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Legal Commentary: Prawfs
Most Screwed Victims in Case Law History - Time to Vote
By Dan Markel, Ethan Leib, Rick Garnett, Matt Bodie, Paul Horwitz , Steve Vladeck, and Orly Lobel
The cases we read in law school present a parade of luckless losers. But who is the most screwed victim in caselaw history?
PrawfsBlawg readers responded in droves to my call for nominations. The comments, some of which were quite passionate, show that casebook editors have succeeded over and over again in giving us cases that have the power to bother us long after we read them.
And now it is time for the readership to vote, crowning one caselaw victim the ?most screwed.?
In choosing finalists, I looked for cases that arguably heeded the right rule, but, in doing so, bestowed a memorable tragedy on an unfortunate and sympathetic litigant. In other words, justice arguably reigned, but not without someone?s unwitting sacrifice. Thus, I did not put Fred Korematsu or Dred Scott on the ballot. Nor did I include rebuffed plaintiffs in ERISA preemption cases, where we tend to be shocked by the harshness of the legal principle itself, not merely its effect in a few cases.
For entirely different reasons, I declined to include criminal cases, especially where the ?caselaw victim? was executed by virtue of a court?s ruling. The word ?screwed? seems too trifling when adverse rulings literally send litigants to their death. I rejected family law cases for similar reasons of disproportionate heaviness.
I also did not allow to enter into my decision any facts about the litigants that are not contained within the cases themselves. Historical notes have certainly illuminated or magnified the tragedy suffered by many litigants in many interesting cases. But since this inquiry is about the cases we teach, I decided the qualifying facts must be found in the opinion written by the court.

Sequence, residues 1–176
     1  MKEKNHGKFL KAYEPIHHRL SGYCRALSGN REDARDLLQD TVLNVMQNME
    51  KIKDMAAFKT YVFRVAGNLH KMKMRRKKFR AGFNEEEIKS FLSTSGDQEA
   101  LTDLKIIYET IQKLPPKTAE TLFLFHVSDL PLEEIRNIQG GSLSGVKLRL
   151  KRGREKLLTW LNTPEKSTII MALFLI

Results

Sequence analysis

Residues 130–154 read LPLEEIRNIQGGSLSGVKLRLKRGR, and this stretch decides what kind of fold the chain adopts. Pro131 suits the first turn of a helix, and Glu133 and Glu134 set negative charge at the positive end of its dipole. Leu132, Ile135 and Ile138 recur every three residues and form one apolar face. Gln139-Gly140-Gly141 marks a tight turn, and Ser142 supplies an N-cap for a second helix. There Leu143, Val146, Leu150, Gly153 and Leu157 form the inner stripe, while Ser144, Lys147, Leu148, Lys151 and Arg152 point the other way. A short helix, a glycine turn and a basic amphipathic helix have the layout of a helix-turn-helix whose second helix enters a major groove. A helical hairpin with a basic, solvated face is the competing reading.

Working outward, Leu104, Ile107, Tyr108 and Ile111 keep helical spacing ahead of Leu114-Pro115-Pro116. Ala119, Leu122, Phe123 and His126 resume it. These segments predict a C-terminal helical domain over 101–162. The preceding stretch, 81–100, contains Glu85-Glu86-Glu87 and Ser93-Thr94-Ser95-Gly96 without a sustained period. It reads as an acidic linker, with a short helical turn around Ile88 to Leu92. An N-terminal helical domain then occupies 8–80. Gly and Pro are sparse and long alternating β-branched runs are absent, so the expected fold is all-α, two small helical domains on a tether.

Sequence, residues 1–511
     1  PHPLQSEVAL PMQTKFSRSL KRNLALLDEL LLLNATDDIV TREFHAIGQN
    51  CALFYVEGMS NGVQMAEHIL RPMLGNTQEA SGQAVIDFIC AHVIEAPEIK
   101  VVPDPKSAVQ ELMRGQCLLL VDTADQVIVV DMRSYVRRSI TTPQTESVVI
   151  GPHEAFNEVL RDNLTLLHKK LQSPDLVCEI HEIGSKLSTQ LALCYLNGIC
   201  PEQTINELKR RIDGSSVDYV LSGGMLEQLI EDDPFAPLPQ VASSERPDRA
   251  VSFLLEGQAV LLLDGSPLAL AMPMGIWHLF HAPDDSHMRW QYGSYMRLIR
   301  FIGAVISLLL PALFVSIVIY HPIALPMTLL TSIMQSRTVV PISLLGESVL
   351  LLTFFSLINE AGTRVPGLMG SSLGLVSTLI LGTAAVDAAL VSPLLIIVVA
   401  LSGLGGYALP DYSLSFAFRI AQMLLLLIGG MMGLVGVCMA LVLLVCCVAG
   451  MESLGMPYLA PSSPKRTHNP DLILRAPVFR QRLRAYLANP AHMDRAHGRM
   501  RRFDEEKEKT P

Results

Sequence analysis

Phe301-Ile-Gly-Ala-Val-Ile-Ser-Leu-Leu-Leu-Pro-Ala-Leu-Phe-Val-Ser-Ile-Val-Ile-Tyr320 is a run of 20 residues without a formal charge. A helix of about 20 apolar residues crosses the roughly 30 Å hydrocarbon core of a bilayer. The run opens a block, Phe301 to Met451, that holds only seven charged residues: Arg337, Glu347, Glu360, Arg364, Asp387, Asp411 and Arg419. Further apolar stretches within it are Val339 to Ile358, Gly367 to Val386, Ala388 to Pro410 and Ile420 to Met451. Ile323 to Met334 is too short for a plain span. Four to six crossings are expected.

So here the finalists. Details of the victims and their sordid cases are below the fold.
- Mrs. Palsgraff from Palsgraf v. Long Island Railroad Co. , 248 N.Y. 339 (N.Y. 1928)
- The Peevyhouses from Peevyhouse v. Garland Coal & Mining Co., 1962 OK 267 (Okla. 1962)
- John Moore from Moore v. Regents of the University of California, 51 Cal. 3d 120 (Cal. 1990)
- The Boyds from Boyd v. Racine Currency Exchange, Inc., 56 Ill.2d 95 (Ill. 1973)
HERE?S HOW TO VOTE: Send an e-mail to:
Put only one word in the subject line ? use ?Palsgraf,? ?Peevyhouse,? ?Moore,? or ?Boyd? as the subject line of the e-mail to register your choice.
Feel free to campaign for your favorites in the comments to this post.
WARNING: Any text within voting e-mails will not be read and may be transmitted into deep space without prior notice. Multiple votes from the same e-mail address are subject to disqualification and may subject the sender to recommendation for additional committee-service opportunities at his or her school or employer. Hand delivered entries will be combined with corn-based biodiesel and set on fire.
In probably the most famous case in torts, and perhaps in all of American legal education, railroad passenger Mrs. Palsgraf was injured by a falling a scale, which was toppled by a blast from fireworks dropped on the tracks by an unknown passenger pushed and jostled by an employee of the Long Island Railroad. Mrs. Palsgraf won a verdict at trial, and the LIRR appealed to New York's highest court, where Mrs. Palsgraf lost on a 4-3 split. Judge Cardozo, writing for the majority, held that the railroad owed Mrs. Palsgraf no duty in negligence. The court stripped Mrs. Palsgraf of her jury award and, to top it off, ordered her to pay the costs of the appeal.